The decision was finally made to move Ruth to the general ward on the top floor. He was assigned as a social worker and a lawyer – an action that is almost guaranteed, in many situations, to extend any problem.
Ruth will be the most controversial example in the note of what is known as "bed blocking" & # 39; – a term usually used to describe the delay in dismissing elderly patients from the hospital when there are difficulties in managing social care.
Research by several leading universities, including Oxford, found that up to 8,000 people die each year due to blocking of beds on the NHS ward. Lack of beds for patients who need urgent surgery often leads to cancellation of surgery.
The hospital obtained 413 ownership orders to move patients from bed in 2016.
Rarely can there be more emotional cases than Ruth Kidane. He remained in the general ward, in a six-bed bay, for the next 11 months before being transferred to the side room where he and his mother are now.
How are they still there?
Initially, they were given keys to a temporary flat in Barnet, but the front door was too narrow for Ruth's wheelchair and it was later considered inappropriate for Ruth's defective needs.
Barnet finally decided that Mimi could not be placed in the area because he made himself homeless in Grimsby.
Also, at first, he can return to Grimsby even though he wants it. Mimi's benefits were cut when he moved out of town but he continued to be a registered tenant on his board property for the first six months.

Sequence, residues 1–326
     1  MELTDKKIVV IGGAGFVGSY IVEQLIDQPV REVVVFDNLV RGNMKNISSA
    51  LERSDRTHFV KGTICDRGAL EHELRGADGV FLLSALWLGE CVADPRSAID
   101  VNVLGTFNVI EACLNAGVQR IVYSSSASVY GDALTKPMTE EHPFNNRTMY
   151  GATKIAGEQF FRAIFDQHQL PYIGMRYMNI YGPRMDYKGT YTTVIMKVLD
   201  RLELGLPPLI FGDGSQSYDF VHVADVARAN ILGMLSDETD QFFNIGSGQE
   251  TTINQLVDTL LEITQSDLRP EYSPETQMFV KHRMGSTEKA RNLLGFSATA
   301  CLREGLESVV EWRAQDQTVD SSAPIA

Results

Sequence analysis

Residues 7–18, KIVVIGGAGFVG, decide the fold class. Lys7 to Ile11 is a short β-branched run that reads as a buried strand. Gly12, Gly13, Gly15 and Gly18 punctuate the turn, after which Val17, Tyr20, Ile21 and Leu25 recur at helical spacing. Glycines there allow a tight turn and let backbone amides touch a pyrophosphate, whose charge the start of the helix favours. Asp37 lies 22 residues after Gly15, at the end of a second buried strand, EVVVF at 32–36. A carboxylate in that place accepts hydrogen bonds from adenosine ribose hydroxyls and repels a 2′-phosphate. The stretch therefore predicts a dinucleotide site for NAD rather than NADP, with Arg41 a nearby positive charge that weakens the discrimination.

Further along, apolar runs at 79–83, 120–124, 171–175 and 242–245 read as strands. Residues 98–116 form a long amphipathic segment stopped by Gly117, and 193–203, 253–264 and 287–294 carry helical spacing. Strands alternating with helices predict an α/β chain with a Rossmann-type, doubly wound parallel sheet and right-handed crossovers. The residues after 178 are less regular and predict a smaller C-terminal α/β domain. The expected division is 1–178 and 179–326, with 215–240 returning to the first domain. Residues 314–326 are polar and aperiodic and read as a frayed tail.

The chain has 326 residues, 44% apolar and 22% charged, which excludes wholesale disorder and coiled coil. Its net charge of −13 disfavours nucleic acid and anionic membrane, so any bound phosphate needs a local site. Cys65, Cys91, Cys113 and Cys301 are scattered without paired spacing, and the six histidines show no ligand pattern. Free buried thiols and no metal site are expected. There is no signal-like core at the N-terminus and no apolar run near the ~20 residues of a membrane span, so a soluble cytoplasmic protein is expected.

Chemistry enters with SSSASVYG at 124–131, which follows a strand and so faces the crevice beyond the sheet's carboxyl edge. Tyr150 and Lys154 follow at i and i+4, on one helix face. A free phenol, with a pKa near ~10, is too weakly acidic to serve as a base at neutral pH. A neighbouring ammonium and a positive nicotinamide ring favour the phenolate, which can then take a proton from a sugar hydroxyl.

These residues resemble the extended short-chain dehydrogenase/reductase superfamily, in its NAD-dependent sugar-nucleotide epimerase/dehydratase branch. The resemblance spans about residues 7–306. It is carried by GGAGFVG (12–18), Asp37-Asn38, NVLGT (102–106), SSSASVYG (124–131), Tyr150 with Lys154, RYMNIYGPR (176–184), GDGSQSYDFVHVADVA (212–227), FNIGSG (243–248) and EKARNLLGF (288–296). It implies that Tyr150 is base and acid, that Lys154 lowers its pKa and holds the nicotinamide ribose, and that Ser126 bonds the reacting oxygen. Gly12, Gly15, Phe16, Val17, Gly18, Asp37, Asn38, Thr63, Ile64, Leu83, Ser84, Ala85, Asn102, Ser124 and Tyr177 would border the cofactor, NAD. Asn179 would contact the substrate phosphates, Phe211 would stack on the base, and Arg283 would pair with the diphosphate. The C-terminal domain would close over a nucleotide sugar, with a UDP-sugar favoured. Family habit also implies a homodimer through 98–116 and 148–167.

This means he has to pay debts for unpaid rent, making him not eligible for other board accommodation.
The North East Lincolnshire Council, the authority that includes Grimsby, has now accepted & # 39; they have a legal obligation to provide accommodation & # 39; for Ruth and her mother and has & # 39; suitable properties available & # 39 ;, but, at the time of writing, both Ruth and Mimi have responded to their message.
But we know they won't return to Grimsby.
Mimi, for her part, said that she had conveyed all correspondence to her lawyer, who refused to help explain the process. "This is an ongoing problem so I will not comment on this case," he told us.
Only the highest optimists will think it will stop being & # 39; ongoing problems & # 39; in the near future.
Additional reporting: Stephanie Condron